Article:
By Alistair Grant

ANGLERS will be banned from taking their catch home on more than 100 of Scotland’s salmon rivers this year.

Ten rivers or waterways have moved to the highest conservation status since last year, amid ongoing concerns over the survival of the species.

This means almost 60 per cent of salmon rivers are now classed as Category 3 – making a catch and release policy mandatory within their waters.

Some angling clubs say their memberships are declining because of the inability to kill and take home salmon.

Critics also question the methodology used to grade rivers, insisting it is arbitrary and fails to provide a true reflection of stocks.

Fisheries experts previously called for salmon conservation to be treated as a national priority as the species approaches “crisis point”.

Andrew Graham-Stewart, director of Salmon and Trout Scotland, said fish farms have the biggest impact.

He said: “Whilst Scottish Government acknowledges that wild salmon numbers are in severe decline, their response generally amounts to little more than lip service.

“In the west Highlands and islands the main pressure is the impact of sea lice from salmon farms, infesting juvenile wild salmon with fatal consequences.

“The total absence of regulation to protect wild salmon from the impacts of salmon farming was clearly highlighted by the Scottish Parliament’s inquiry into the industry in 2018. Over a year later, the Scottish Government has done nothing whatsoever to remedy this glaring omission.”

Conservation regulations introduced in 2016 sort salmon rivers into three categories, with 1 indicating fishing is sustainable and 3 meaning salmon numbers are low.

Figures for the 2020 season show 103 of Scotland’s 173 salmon rivers are classed as Category 3 this year, compared to 95 last year.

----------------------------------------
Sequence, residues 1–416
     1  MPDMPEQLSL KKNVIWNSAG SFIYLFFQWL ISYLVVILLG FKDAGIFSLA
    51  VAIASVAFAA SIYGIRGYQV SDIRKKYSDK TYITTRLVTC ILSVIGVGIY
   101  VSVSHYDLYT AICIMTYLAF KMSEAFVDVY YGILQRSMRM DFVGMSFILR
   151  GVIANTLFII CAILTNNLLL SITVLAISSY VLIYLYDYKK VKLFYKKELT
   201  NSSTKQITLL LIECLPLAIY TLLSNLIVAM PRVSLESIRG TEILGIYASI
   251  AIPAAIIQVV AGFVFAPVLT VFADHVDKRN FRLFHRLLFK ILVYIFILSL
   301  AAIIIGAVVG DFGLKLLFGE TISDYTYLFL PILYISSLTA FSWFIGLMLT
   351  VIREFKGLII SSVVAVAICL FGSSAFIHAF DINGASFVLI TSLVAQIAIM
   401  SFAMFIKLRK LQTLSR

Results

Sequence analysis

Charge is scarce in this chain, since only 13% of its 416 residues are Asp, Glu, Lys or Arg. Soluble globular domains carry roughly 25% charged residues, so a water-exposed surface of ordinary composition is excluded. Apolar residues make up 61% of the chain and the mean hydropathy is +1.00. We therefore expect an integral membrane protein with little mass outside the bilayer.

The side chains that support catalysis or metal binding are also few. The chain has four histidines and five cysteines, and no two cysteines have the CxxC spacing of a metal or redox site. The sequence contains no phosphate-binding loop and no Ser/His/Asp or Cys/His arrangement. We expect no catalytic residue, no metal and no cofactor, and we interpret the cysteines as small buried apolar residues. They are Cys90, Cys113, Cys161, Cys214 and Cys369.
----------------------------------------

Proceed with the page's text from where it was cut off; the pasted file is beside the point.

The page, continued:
Meanwhile, 35 rivers now fall within Category 2, meaning “management action is necessary to reduce exploitation”.

A further 35 are classed as Category 1, with no additional action required.

The number of rivers in Category 3 rose this year, but is still lower than the 122 recorded in 2018.

Holyrood’s Environment, Climate Change and Land Reform Committee is due to discuss the changes today.

An impact assessment says “a number of angling clubs have concerns about a reported decline in the renewal of club memberships because of the inability to kill a salmon”.

A spokesman for the Scottish Gamekeepers Association’s fishing group said the “picture is of overall decline, which is worrying” for conservation and the viability of wild fisheries.

He said: “Game angling supports 4,300 full-time equivalent jobs in the kind of remote communities which can rely heavily on them as a means of keeping families in local areas.

“The methodology which is used to grade rivers has been refined over time but some individual rivers will still feel the process undermines them.

“For example, rod catch is part of the grading assessment. So, if less people are fishing a river because it has been classified below Category 1, the rod catch may continue to decline and the river may fall further down the rankings.

“It could be argued that this is not a true reflection of the total picture.

“That said, there are clear signals in this assessment and Scottish Government needs to give salmon the attention it deserves whilst listening more to the people working on the front line every day.”

A Scottish Government spokeswoman said the decline in the numbers of wild salmon returning to Scottish rivers “is of great concern and we are determined to safeguard the future of this important species”.

She said ongoing work will contribute to the development of a wild salmon strategy by September.